Encryption
Encryption is the art of rendering order into chaos, while being able to reassemble that chaos back to order. There are two main types of encryption, symetrical and asymetrical.
Encryption is judged mainly by its cypher and key-length.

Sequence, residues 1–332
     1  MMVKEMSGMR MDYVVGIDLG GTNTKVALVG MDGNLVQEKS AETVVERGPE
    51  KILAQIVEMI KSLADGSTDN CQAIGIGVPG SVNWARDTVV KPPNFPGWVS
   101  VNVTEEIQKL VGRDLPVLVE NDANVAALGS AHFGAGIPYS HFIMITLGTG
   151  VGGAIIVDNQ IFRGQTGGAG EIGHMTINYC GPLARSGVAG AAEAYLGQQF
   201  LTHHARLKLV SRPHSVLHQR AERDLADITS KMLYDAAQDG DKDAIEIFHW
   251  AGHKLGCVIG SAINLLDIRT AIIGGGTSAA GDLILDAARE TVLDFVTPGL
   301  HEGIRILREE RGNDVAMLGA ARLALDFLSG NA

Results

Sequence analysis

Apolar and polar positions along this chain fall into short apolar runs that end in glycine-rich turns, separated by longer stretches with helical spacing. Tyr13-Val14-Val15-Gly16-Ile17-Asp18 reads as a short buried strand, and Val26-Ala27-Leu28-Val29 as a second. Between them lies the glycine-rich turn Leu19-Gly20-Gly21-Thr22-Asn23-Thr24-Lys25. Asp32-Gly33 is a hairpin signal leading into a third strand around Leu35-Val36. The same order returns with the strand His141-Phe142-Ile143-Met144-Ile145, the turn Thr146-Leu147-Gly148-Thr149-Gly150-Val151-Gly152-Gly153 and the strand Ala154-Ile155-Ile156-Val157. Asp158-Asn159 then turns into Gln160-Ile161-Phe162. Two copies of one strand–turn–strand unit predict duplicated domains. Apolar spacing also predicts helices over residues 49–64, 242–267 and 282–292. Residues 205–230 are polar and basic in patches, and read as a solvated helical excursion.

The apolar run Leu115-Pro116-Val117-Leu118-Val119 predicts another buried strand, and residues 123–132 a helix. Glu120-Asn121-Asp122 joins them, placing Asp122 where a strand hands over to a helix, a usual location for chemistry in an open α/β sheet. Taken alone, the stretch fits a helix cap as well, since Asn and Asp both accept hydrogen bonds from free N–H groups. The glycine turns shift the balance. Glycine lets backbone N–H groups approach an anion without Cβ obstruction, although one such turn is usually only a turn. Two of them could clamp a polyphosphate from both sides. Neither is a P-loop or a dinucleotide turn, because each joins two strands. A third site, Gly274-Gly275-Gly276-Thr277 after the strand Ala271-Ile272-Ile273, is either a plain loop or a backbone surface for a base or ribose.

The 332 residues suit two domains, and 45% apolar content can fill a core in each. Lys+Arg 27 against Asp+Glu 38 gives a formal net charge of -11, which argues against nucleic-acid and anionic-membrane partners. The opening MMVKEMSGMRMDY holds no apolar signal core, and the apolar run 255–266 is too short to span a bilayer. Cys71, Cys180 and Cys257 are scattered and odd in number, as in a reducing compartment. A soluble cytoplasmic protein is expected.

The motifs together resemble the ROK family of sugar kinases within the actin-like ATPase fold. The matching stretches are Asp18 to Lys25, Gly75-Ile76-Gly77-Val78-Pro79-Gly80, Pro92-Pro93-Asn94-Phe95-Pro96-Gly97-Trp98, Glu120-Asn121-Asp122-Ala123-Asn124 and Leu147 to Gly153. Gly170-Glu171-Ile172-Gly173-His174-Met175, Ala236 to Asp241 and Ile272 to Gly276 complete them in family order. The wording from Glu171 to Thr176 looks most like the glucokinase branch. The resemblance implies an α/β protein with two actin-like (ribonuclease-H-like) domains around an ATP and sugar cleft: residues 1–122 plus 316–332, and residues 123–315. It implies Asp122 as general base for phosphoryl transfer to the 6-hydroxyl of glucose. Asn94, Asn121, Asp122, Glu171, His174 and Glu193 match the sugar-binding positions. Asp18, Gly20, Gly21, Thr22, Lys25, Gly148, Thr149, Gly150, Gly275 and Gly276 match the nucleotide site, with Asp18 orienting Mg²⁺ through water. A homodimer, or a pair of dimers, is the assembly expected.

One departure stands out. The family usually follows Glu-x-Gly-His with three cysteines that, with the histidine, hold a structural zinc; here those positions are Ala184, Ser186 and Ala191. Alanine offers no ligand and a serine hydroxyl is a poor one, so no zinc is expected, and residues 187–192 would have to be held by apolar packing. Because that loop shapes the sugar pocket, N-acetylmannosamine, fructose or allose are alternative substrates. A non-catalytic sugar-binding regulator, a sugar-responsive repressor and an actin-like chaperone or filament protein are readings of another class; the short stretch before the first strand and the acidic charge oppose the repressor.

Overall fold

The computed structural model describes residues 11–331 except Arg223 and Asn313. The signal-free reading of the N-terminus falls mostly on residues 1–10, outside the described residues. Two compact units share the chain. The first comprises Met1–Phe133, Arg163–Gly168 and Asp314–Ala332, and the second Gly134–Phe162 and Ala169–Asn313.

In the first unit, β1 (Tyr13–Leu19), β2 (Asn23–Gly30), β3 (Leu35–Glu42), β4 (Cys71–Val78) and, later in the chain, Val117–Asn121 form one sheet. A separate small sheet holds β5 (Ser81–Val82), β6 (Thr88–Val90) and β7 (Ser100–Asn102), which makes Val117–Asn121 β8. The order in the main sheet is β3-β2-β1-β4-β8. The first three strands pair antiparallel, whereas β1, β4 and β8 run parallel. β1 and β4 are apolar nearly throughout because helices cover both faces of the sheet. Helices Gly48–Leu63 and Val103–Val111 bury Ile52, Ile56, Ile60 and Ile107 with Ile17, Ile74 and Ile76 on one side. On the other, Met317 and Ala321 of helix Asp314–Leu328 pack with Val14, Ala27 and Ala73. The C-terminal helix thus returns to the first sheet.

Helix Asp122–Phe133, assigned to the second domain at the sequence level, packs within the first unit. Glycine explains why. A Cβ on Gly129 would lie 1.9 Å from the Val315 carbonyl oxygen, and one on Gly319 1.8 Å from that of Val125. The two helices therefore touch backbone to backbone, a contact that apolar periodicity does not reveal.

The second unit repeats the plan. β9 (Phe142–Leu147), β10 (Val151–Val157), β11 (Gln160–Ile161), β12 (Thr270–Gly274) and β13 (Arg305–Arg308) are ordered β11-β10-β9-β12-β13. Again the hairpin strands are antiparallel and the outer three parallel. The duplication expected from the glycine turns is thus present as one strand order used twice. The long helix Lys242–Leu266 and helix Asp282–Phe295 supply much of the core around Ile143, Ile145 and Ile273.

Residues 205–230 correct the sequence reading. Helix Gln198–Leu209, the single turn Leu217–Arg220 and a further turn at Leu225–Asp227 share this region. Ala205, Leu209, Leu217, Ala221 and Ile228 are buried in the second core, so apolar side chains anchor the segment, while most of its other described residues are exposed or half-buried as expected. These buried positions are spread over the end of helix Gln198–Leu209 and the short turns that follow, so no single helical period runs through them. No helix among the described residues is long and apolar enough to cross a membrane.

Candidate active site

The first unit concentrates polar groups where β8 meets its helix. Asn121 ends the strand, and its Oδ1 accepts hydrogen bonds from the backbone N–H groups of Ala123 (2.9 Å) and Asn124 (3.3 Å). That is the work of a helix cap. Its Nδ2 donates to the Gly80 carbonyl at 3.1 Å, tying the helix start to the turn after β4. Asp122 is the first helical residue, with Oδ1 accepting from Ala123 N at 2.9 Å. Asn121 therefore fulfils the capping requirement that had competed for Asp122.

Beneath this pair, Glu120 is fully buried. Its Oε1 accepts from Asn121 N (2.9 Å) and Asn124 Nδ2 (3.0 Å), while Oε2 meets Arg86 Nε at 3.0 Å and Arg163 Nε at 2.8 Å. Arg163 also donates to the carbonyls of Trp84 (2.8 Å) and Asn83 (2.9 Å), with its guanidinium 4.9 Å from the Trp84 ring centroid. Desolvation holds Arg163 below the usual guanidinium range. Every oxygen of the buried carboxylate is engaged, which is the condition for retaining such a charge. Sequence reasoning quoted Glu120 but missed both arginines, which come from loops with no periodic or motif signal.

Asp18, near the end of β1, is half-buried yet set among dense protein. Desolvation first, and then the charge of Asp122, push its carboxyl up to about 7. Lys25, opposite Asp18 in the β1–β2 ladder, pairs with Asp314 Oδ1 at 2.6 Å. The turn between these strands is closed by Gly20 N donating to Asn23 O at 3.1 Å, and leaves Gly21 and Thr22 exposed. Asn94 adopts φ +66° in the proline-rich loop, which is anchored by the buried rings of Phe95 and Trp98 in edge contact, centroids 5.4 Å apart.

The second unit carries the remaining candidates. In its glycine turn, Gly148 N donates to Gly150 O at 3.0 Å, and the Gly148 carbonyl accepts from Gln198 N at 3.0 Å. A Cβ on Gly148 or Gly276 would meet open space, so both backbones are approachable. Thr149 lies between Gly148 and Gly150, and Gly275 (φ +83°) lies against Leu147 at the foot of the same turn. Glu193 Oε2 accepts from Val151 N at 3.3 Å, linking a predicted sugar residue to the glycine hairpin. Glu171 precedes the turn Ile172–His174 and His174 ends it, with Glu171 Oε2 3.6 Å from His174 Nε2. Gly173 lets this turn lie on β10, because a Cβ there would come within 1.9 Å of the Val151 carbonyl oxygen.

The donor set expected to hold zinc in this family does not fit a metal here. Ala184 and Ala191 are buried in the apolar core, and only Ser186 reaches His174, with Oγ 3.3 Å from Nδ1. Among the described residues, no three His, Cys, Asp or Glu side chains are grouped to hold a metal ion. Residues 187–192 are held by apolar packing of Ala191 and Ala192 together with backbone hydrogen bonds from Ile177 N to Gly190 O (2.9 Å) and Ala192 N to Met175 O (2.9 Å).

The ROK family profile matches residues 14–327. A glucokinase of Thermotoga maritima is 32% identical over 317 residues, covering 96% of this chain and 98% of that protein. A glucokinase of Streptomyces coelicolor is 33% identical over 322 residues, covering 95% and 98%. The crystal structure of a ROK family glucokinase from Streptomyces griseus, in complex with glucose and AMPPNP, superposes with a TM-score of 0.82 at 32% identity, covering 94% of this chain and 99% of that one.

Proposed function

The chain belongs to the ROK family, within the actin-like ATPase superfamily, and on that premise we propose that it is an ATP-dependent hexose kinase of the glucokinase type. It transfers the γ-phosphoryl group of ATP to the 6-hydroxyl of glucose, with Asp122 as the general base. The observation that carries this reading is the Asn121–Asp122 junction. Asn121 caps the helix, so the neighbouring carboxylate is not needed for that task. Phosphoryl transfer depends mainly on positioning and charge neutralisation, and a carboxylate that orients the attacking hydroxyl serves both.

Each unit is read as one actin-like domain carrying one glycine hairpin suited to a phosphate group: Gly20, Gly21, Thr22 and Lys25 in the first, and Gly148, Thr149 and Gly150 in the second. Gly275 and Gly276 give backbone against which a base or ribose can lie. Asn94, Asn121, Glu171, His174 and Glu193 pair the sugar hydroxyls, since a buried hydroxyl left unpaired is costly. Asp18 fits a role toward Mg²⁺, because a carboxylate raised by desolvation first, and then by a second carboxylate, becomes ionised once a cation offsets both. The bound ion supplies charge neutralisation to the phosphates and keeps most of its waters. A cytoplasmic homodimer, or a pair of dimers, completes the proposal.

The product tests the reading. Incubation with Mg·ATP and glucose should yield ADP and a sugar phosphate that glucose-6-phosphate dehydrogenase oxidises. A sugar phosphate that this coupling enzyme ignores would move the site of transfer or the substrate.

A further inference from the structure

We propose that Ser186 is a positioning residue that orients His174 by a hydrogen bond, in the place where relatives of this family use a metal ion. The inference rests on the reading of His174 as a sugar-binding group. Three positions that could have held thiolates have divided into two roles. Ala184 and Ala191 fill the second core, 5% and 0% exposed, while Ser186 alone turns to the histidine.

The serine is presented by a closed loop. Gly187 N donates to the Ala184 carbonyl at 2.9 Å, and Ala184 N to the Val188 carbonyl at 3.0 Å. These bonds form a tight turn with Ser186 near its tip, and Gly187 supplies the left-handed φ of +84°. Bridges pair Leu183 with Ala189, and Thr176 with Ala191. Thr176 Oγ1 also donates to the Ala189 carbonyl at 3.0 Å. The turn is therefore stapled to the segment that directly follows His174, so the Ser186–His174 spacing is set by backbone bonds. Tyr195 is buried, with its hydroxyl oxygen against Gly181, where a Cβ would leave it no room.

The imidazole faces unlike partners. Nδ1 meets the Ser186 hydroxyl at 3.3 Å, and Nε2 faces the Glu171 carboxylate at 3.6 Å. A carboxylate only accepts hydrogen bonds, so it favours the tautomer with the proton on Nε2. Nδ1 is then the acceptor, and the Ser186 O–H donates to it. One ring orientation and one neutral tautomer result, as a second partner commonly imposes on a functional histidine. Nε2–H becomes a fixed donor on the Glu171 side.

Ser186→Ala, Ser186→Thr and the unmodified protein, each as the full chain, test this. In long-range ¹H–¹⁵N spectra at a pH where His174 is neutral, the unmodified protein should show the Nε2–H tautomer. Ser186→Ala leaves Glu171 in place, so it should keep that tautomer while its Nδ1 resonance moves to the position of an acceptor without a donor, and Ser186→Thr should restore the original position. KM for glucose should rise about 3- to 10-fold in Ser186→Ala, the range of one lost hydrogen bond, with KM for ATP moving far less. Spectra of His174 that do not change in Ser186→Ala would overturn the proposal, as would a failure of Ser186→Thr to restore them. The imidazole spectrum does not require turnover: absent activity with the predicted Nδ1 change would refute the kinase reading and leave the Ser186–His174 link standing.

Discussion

Briefly defined as the 'art or practice of preparing or reading messages in a form intended to prevent their being read by those not privy to secrets of the form and the science of devising methods and means for this,' by Webster's Lexicon, and up until the early 20th century the field was just that- an obscurant's patchwork of odd mathematical formulae, word and letter tables, unique and inspired machinery, and often pseudo- scientific literature- all of which was little or no interest to anyone other than the occasional criminal element, the diplomatic corps of various nations and an odd-ball mix of novelists, scientists and hobbyists. Two world wars dramatically changed the significance of the field forever- proving what some analysts and engineers had been saying for some time- information could be treated and manipulated 'as physical,' that it had to be considered another 'front' of the conflict, that its collection in every obscure and occluded form had to be taken very seriously. The mobilization & armament of data did not cease there- as the Cold War spread first through Europe and then the rest of the world- communications encryption and cryptanalysis became a staple expenditure of both sides.

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